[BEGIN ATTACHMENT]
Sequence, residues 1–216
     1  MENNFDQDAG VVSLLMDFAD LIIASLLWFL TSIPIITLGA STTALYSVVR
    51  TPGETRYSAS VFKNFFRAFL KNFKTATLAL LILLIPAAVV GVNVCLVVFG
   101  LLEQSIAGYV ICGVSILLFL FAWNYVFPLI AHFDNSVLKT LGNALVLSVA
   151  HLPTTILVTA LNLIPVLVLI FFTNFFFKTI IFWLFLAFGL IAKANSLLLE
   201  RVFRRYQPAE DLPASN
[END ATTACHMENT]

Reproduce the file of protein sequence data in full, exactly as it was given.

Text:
Sequence, residues 1–216
     1  MENNFDQDAG VVSLLMDFAD LIIASLLWFL TSIPIITLGA STTALYSVVR
    51  TPGETRYSAS VFKNFFRAFL KNFKTATLAL LILLIPAAVV GVNVCLVVFG
   101  LLEQSIAGYV ICGVSILLFL FAWNYVFPLI AHFDNSVLKT LGNALVLSVA
   151  HLPTTILVTA LNLIPVLVLI FFTNFFFKTI IFWLFLAFGL IAKANSLLLE
   201  RVFRRYQPAE DLPASN